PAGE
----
Celiac Disease

Celiac disease is an autoimmune disease in which foods that contain the protein gluten—found in wheat, barley, and rye—trigger your white blood cells to attack the lining of your small intestine, ultimately eroding it until it's worn smooth. 

Celiac has a wide range of potential symptoms, from abdominal pain to headaches. These symptoms and intestinal damage can be largely reversed once you're diagnosed and follow a gluten-free diet—the only current treatment for the condition.

People with untreated celiac disease often cannot absorb nutrients from their food, and this can lead to serious health complications, such as malnutrition, osteoporosis, infertility, and even cancer.

Frequently Asked Questions

  • How can I get tested for celiac disease?

    The best way to be tested for celiac disease is to discuss your symptoms with a doctor. They can perform blood tests, an endoscopy, and a biopsy to look for signs. You might be tempted to test yourself at home by going gluten-free. However, this is not only difficult, it could hamper your doctor’s efforts to diagnose you, as gluten-related damage must be present for celiac to be identified.

  • What causes celiac disease?

    Experts aren’t certain what causes celiac disease, but many believe it starts with a genetic potential and then requires a triggering event, such as a period of extreme stress or pregnancy. However, some people with a gradual onset might not have this kind of trigger.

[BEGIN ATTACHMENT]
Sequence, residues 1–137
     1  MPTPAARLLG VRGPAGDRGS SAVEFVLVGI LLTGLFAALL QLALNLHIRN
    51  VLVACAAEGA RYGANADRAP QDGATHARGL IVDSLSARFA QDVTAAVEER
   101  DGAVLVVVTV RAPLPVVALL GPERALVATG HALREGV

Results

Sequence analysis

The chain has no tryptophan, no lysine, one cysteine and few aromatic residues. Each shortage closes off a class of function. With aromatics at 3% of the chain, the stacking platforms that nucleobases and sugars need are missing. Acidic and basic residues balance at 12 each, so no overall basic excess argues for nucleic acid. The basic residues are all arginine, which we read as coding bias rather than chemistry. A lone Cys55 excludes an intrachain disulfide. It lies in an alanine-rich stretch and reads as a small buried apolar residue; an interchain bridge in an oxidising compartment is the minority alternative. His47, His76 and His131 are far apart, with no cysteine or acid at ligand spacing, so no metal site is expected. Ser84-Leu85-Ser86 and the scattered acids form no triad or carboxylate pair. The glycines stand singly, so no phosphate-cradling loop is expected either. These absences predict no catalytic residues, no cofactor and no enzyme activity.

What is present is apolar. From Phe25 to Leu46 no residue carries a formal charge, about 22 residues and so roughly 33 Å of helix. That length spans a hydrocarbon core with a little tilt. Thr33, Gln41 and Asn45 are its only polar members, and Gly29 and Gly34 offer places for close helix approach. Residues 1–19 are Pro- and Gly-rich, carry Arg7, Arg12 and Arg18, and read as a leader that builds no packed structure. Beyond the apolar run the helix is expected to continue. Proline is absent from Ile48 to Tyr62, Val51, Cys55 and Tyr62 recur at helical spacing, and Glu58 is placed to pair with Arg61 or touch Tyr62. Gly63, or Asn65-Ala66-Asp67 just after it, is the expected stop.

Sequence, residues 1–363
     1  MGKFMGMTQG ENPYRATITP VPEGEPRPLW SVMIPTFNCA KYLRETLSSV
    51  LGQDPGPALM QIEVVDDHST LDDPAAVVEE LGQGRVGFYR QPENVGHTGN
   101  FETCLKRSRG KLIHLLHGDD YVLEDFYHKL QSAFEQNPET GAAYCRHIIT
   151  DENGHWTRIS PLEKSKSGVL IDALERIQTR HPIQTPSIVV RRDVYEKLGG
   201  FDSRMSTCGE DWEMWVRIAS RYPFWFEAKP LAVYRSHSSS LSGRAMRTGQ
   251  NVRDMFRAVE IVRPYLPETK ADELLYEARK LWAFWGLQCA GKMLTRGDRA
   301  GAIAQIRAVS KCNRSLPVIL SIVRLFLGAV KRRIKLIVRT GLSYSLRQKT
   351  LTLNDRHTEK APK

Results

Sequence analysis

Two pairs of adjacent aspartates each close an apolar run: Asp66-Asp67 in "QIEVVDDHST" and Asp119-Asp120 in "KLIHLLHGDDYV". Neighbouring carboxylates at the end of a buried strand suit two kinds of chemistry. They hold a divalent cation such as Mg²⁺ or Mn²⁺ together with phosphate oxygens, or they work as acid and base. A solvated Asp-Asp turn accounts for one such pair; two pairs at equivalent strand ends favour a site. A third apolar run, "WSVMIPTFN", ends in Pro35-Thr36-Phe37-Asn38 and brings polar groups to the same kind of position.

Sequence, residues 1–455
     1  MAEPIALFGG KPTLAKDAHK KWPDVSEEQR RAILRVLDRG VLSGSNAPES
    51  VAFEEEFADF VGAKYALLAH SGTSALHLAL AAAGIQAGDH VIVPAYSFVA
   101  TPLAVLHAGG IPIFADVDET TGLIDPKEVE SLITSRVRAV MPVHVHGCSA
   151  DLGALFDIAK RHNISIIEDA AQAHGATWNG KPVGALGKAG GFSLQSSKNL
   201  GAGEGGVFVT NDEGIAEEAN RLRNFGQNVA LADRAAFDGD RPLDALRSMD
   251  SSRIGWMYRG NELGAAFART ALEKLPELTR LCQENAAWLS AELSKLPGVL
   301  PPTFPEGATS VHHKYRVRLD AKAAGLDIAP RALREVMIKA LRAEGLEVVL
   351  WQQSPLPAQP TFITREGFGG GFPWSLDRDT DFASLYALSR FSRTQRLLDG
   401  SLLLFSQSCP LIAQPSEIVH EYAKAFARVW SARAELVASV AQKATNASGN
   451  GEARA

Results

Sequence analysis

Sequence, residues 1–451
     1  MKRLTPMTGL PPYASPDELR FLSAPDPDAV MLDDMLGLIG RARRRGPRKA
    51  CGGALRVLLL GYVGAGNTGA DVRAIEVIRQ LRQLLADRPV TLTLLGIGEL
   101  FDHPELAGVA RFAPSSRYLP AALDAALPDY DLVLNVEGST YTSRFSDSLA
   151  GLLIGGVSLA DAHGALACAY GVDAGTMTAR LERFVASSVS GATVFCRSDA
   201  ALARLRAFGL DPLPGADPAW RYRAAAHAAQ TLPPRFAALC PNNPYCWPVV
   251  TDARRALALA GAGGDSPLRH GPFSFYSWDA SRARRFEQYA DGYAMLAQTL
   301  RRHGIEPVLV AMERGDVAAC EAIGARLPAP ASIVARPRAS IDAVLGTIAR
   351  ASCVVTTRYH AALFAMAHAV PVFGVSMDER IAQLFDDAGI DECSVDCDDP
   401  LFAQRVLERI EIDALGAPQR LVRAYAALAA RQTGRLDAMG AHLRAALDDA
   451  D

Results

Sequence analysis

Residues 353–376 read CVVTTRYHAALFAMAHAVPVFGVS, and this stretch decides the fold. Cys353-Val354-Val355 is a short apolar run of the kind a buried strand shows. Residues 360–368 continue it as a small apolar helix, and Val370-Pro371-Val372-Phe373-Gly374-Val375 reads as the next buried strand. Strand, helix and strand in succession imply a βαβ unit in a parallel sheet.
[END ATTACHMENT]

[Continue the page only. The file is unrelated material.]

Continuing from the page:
• Is celiac disease genetic?

    Research suggests that some people have the genetic potential to develop celiac disease and it can run in families. Having a close relative who’s diagnosed with celiac increases your risk of developing it, but even having multiple relatives with the disease is no guarantee you’ll end up with it. You may learn more about your risk via genetic testing.

  • How is celiac disease diagnosed?

    Celiac disease is typically diagnosed with blood tests and an endoscopy. Blood tests look for an antibody produced by the immune system of people with celiac in response to gluten’s presence in the digestive tract. In an endoscopy, a doctor uses a scope to examine your small intestine and take samples to look at under a microscope. If those samples show villous atrophy, it means you have celiac.

  • Is celiac an allergy or an autoimmune disease?

    A lot of people refer to it as a gluten allergy, but celiac is an autoimmune disease. That means the immune system has mistakenly identified gluten in your small intestine as a threat, as if it were a virus or other pathogen. It then creates antibodies that attack the small intestine, trying to destroy the gluten. Some people are allergic to wheat, but that’s not the same thing as celiac.

  • What are the symptoms of celiac disease?

    Celiac can cause more than 200 symptoms all throughout your body, but the primary ones are digestive. Common symptoms include: 

    Symptoms can vary greatly. Some people with celiac have no symptoms at all.


Key Terms

Celiac Disease in the Digestive System

In celiac disease, gluten causes damage to the villi of the small intestine, short projections that absorb nutrients. Explore an interactive model that shows how this damage can deepen the area between villi known as intestinal crypts, causing lesions to form on the intestine.

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